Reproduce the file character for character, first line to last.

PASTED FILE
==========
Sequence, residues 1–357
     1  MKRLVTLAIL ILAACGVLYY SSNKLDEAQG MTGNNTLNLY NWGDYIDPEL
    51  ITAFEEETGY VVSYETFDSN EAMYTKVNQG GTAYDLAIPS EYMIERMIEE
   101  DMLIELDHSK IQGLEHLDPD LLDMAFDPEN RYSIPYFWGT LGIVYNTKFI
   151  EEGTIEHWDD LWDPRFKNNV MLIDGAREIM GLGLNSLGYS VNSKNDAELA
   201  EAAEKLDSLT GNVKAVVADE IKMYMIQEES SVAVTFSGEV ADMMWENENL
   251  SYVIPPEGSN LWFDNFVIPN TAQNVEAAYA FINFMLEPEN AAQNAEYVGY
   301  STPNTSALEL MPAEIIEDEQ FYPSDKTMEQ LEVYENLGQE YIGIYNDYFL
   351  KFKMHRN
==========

Sequence, residues 1–357
     1  MKRLVTLAIL ILAACGVLYY SSNKLDEAQG MTGNNTLNLY NWGDYIDPEL
    51  ITAFEEETGY VVSYETFDSN EAMYTKVNQG GTAYDLAIPS EYMIERMIEE
   101  DMLIELDHSK IQGLEHLDPD LLDMAFDPEN RYSIPYFWGT LGIVYNTKFI
   151  EEGTIEHWDD LWDPRFKNNV MLIDGAREIM GLGLNSLGYS VNSKNDAELA
   201  EAAEKLDSLT GNVKAVVADE IKMYMIQEES SVAVTFSGEV ADMMWENENL
   251  SYVIPPEGSN LWFDNFVIPN TAQNVEAAYA FINFMLEPEN AAQNAEYVGY
   301  STPNTSALEL MPAEIIEDEQ FYPSDKTMEQ LEVYENLGQE YIGIYNDYFL
   351  KFKMHRN